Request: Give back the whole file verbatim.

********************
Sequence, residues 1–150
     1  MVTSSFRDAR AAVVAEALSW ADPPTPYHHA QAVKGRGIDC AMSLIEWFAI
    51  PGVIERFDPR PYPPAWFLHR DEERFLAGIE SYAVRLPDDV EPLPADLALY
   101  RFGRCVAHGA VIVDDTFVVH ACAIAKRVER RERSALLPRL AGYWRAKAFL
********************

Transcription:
Sequence, residues 1–150
     1  MVTSSFRDAR AAVVAEALSW ADPPTPYHHA QAVKGRGIDC AMSLIEWFAI
    51  PGVIERFDPR PYPPAWFLHR DEERFLAGIE SYAVRLPDDV EPLPADLALY
   101  RFGRCVAHGA VIVDDTFVVH ACAIAKRVER RERSALLPRL AGYWRAKAFL